The Temptations of Nihilism

I listened to a fascinating program on CBC Radio's Ideas tonight.  In his January 2003 Gifford Lectures at the University of Edinburgh, Canadian historian and Harvard lecturer Michael Ignatieff enunciates "The Temptations of Nihilism."  He explains the perversion of all that is good in a people by terrorist organizations: the inspiration first by often legitimate political aims; the spurious call to arms in the name of religion; the exploitation of the vigor, enthusiasm, and passion of youth; and then pursuit of the nihilistic thrill of inflicting violence on the target. 

Authorities, in their counter-terrorist activities, are often hamstrung by pressure to conform to a standard of conduct that their quarry can blithely ignore.  But in the pursuit of these perpetrators, those repelling terrorists must act above reproach if they are to earn the moral authority of their standing.

Equally, self-defense claims -- every people has a legitimate right to self-defense and to ensure its survival -- do not entitle you to do anything you please. There are no table-clearing claims in the poker sense: I’ve got trumps, therefore they clear the table, my arguments win. The self-defense and self-determination arguments don’t clear the table. All moral action requires forms of balancing.

--from a lecture delivered to the Carnegie Council on Ethics and International Affairs, based on the Gifford Lectures

Ignatieff also counsels a multilateral preemptive strategy, while at the same time criticizing the ability of the UN to carry out such a mandate with its current Charter:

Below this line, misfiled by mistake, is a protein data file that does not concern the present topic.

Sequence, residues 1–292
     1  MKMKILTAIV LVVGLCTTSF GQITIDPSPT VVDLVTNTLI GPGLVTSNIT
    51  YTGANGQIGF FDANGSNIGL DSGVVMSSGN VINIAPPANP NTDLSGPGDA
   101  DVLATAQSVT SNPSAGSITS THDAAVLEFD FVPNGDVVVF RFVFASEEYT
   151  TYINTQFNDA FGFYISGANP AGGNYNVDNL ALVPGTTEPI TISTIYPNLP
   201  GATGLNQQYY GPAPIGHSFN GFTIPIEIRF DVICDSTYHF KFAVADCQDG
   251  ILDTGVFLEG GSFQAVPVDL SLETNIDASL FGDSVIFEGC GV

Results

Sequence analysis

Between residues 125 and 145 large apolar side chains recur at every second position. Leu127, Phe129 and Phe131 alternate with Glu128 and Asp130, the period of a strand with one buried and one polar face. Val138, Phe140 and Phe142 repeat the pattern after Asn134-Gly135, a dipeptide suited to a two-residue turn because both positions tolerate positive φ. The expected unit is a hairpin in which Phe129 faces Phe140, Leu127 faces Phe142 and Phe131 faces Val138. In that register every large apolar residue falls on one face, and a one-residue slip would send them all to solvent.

One of the strongest criticisms of American policies since 9/11 has been that it proceeds from an “Americans first” set of moral preferences. We can't have an effective global war on terrorists if every nation state is saying, “I'm going to take decisions on the basis of a moral preference for my citizens above all others,” because that way literally the madhouse lies.

One of the problems with the Charter now is that in a world in which there must be preemptive military action to forestall weapons transfer to terrorists, to forestall and preempt attacks before they take place, either by states in collusion with terrorists or terrorist groups alone, preemption is simply an inevitable feature. Whatever your view of its morality, it’s an inevitable part of any ongoing war on terror. 
This drives a truck straight towards the articles of the UN Charter that define aggression. We have to think in realistic terms, instead of barring the door to preemption and saying that we must maintain a definition of aggression that takes preemption off the table. The moral justifications for preemption proceed from our verifiable, imminent evidence of attack.

--again, from the CCEIA

You can hear the final instalment of the five part lecture series next Wednesday night on CBC Radio One at 2100h.  You can listen on the Web.  You can also purchase the transcript as a book from Penguin titled, The Lesser Evil.

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